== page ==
Kia has been coming out with a lot of new vehicles lately. This year we were treated to the debut of the Kia Stinger, and at SEMA, we got a glimpse of some autonomous vehicles Kia is developing. However, until autonomous vehicles become the norm, automakers need to focus on where the money is, and right now that’s crossovers, SUVs, and hybrids. No wonder Kia has four of their own, including the 2017 Kia Niro Hybrid Crossover.
SO, where did it all start? We’re thinking the Kia Optima Hybrid set the stage, a variation of the original Optima, followed by the Optima PHEV and Kia Soul EV – another variation of an original model. The 2017 Kia Niro is the most recent of the trend.
Kia Optima Hybrids
The 2017 Kia Optima Hybrid and PHEV are both variations of the original Kia Optima. They may look the same and share similar characteristics, but the powertrain is much different. Starting with the Kia Optima Hybrid, a 2.0-liter I4 Full Parallel Hybrid System runs things with a 2.0-liter GDI engine with CVVT and a 38 kW motor powered by a 1.76 kWh lithium polymer battery. It may not seem like much, but the engine designs GDI and CVVT completely change the game.
“GDI” stands for gasoline direct injection, a type of fuel injection system that injects highly pressurized fuel directly into the cylinders of an engine during the combustion cycle. Due to its resulting optimization of horsepower and fuel economy, it’s starting to replace other injection systems. “CVVT”, or Continuously Variable Valve Timing, like “CVT” transmission, can alter the timing of air intake and exhaust valve lift events to suit all speeds and conditions, without losing fuel or power. Together, this leads to a total output of 193-horsepower for the Kia Optima Hybrid, with a fuel economy of 39/46 mpg city/highway.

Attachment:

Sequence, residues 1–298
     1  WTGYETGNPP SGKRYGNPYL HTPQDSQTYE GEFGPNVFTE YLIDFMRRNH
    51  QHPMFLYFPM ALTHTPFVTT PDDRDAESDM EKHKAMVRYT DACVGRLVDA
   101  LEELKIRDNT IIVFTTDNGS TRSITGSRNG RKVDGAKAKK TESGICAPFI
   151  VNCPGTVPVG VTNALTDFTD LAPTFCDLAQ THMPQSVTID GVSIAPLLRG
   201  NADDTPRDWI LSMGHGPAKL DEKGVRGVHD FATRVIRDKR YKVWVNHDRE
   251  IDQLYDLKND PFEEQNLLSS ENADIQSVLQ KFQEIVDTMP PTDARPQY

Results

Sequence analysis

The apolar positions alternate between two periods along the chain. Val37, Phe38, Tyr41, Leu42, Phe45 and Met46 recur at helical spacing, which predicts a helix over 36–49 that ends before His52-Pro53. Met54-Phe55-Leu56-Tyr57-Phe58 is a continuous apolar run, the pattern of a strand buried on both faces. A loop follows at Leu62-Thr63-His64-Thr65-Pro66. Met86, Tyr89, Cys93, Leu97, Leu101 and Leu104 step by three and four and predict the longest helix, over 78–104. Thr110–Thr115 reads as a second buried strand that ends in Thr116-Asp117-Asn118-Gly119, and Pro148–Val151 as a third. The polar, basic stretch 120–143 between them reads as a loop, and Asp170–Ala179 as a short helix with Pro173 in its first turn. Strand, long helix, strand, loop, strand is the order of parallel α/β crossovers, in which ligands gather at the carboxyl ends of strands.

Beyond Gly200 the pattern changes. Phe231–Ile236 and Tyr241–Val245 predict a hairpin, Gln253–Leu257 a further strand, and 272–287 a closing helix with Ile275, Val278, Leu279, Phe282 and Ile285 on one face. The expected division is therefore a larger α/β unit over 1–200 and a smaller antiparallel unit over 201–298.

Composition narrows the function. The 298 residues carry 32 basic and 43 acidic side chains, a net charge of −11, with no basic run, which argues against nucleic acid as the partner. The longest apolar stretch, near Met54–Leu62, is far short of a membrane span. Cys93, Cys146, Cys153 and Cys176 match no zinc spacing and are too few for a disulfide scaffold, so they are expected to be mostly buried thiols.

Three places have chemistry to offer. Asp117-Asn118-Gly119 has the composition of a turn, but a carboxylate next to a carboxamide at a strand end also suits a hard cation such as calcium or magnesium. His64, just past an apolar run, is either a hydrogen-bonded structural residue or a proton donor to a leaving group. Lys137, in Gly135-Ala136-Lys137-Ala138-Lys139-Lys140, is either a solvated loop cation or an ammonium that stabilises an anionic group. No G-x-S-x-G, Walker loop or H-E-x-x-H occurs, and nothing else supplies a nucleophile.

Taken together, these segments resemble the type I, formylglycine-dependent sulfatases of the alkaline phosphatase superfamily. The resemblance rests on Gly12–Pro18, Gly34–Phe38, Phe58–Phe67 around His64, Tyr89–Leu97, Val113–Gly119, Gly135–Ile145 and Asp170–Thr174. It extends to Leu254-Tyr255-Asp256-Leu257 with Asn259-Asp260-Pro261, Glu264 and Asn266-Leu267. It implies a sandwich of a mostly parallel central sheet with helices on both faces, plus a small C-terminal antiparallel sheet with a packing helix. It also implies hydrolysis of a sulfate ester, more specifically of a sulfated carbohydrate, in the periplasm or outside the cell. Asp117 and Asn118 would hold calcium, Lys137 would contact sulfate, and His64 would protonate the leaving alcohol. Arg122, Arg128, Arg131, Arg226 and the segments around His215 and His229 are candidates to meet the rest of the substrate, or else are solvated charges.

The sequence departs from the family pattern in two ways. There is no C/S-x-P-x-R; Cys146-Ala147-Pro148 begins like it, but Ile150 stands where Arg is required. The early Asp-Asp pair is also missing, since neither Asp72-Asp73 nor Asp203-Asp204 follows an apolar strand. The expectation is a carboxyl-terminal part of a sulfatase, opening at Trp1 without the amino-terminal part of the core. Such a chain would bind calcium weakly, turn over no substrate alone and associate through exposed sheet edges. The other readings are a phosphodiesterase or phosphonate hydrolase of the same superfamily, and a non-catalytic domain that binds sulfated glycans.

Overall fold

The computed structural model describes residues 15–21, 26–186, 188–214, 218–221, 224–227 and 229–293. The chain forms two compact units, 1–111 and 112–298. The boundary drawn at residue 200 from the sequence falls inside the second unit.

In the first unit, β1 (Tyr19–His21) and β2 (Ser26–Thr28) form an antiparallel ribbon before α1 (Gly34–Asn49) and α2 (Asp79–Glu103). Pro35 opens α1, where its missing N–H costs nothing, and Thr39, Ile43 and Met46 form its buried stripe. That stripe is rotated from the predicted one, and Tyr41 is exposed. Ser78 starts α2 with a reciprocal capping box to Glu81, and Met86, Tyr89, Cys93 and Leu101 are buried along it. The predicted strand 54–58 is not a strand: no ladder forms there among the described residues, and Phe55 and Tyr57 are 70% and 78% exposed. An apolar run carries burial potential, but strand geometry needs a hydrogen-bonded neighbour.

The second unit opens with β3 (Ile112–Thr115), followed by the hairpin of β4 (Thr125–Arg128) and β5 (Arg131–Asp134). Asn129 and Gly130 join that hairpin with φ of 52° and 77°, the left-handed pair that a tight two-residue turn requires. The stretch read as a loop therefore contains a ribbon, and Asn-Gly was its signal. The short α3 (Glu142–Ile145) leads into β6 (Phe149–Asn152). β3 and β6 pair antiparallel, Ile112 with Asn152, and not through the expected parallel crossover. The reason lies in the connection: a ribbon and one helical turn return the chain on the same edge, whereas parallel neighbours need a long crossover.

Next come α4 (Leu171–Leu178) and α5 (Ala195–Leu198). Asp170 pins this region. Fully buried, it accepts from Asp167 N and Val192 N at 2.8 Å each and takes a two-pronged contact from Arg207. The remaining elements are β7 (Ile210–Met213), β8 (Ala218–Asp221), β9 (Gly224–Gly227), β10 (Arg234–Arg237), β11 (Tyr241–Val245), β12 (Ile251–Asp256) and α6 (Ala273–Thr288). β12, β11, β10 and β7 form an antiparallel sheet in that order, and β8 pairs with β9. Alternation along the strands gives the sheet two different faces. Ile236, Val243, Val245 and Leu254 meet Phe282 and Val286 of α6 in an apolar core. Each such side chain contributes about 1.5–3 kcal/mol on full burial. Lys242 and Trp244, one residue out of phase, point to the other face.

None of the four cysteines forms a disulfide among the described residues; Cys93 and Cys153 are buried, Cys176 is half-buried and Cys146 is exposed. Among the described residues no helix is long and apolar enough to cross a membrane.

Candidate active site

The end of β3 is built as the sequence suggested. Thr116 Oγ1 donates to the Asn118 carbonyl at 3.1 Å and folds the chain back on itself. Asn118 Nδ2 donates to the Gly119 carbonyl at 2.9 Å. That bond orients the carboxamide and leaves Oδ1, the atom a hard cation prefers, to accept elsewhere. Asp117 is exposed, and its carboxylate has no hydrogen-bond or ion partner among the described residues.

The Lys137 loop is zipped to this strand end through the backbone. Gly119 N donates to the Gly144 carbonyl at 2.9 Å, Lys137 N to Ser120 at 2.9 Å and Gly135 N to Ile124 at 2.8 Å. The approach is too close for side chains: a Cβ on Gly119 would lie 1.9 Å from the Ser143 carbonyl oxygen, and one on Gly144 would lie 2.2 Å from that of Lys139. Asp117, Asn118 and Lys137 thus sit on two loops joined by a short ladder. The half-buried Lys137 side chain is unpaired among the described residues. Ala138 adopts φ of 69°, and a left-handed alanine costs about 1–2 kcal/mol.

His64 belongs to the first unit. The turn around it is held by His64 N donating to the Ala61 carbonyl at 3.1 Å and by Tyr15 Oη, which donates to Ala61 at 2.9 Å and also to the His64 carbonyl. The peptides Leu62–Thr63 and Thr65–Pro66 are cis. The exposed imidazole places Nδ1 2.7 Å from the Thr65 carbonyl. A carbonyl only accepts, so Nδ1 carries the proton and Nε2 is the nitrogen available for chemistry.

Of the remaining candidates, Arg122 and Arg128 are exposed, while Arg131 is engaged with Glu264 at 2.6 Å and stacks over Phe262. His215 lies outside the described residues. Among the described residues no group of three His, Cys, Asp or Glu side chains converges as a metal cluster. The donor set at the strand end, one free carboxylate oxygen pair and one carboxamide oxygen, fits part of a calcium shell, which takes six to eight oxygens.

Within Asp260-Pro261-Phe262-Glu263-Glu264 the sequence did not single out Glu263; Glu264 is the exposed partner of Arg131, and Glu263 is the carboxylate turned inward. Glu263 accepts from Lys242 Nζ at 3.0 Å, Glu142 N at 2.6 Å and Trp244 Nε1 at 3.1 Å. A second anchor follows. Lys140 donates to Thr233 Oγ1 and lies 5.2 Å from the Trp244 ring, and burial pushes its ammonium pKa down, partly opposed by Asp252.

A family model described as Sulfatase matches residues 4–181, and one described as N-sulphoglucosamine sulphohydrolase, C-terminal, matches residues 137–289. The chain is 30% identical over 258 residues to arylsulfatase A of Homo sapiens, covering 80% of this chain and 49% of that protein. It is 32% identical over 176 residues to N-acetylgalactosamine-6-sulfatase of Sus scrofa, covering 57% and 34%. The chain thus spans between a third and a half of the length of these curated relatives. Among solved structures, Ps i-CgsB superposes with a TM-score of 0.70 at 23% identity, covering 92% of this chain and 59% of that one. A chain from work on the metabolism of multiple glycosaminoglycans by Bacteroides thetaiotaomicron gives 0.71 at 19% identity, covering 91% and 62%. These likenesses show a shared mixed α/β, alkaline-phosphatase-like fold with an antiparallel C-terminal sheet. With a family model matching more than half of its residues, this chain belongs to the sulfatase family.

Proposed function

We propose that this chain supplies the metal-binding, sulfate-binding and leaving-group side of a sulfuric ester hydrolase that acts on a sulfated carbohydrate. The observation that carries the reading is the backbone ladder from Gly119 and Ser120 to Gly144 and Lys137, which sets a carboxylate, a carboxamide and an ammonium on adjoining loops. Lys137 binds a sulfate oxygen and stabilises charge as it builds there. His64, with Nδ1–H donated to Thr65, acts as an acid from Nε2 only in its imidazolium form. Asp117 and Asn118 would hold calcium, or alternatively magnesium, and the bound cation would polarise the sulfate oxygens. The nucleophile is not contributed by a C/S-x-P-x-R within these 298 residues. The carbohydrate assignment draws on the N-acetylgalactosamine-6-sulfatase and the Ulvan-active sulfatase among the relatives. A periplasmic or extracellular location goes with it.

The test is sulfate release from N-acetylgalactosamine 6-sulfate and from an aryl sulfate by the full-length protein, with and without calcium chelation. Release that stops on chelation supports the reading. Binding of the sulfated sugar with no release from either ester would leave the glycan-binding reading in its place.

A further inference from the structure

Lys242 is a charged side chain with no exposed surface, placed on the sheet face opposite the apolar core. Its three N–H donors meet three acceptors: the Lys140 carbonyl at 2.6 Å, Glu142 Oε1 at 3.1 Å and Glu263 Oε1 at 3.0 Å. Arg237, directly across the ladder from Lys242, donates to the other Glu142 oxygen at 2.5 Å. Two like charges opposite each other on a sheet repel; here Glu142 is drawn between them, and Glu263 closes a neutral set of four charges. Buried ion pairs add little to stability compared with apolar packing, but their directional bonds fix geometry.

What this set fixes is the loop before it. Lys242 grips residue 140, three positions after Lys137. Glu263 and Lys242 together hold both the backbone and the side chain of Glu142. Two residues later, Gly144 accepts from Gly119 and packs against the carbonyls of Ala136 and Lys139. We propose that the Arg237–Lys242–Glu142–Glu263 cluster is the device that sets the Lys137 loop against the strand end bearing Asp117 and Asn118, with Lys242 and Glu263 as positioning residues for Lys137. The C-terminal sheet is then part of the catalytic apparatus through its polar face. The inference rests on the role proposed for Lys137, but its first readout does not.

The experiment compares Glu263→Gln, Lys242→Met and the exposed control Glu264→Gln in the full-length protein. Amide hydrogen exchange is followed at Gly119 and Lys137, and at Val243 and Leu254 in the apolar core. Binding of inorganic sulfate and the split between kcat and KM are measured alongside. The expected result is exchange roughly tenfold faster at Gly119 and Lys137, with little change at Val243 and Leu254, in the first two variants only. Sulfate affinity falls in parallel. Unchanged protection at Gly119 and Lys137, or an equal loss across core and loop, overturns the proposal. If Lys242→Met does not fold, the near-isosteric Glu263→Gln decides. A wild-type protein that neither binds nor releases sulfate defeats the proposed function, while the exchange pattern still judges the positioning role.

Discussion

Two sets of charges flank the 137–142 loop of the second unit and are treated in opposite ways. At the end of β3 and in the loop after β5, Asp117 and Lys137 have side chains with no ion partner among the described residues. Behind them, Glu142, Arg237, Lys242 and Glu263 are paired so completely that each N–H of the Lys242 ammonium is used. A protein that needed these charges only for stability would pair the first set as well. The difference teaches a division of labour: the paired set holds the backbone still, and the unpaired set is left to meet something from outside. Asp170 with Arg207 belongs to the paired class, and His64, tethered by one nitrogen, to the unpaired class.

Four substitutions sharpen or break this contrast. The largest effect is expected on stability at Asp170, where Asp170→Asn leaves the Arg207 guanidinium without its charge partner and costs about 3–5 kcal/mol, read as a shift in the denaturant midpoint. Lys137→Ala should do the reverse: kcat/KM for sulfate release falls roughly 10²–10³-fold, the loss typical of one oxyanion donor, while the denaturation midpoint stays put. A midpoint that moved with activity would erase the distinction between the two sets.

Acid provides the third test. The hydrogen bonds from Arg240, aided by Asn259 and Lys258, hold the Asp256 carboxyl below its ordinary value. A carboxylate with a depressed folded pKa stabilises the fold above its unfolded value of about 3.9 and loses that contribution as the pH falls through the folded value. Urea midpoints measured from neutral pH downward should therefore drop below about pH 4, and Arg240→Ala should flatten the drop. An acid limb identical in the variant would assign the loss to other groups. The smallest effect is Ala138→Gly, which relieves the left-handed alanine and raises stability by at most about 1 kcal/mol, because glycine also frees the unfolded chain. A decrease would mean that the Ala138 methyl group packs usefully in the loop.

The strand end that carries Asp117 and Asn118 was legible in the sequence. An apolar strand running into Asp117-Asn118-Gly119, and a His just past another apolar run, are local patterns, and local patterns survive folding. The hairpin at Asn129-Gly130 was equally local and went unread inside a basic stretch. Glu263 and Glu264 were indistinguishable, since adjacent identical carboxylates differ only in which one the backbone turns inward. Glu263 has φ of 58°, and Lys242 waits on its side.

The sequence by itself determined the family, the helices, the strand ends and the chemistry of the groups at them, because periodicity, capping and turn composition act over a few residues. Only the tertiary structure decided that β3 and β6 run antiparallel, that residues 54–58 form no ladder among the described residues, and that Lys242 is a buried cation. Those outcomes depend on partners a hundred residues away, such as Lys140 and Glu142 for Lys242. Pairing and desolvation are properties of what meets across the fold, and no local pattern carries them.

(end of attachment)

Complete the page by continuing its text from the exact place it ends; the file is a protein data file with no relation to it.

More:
Unlike the Kia Optima Hybrid, that relies on regenerative braking to charge the battery (a process of transferring the power used to top a vehicle (braking) into a generator for the electric motor), the Kia Optima PHEV is a plug-in hybrid-electric vehicle. This means drivers can rely on regenerative braking or just charge the battery via an electrical outlet/charging station. With that comes the ability to drive on electricity-alone with zero emissions.
The Kia Optima PHEV is powered by a 156-hp 2.0-liter GDI engine and a 50 kW electric motor, powered by a 9.8 kWh lithium-ion polymer battery pack. The combined fuel economy currently sits at 40 mpg, and that’s when it is in hybrid mode. If running on electricity-alone, drivers can cover over 30 miles before needing power from the engine. It has three ways to charge the battery: regenerative braking, a Level 1 (120v) charger that receives a full charge in 9 hours, and a Level 2 (240v) charger for use at public station to charge up in less than 3 hours.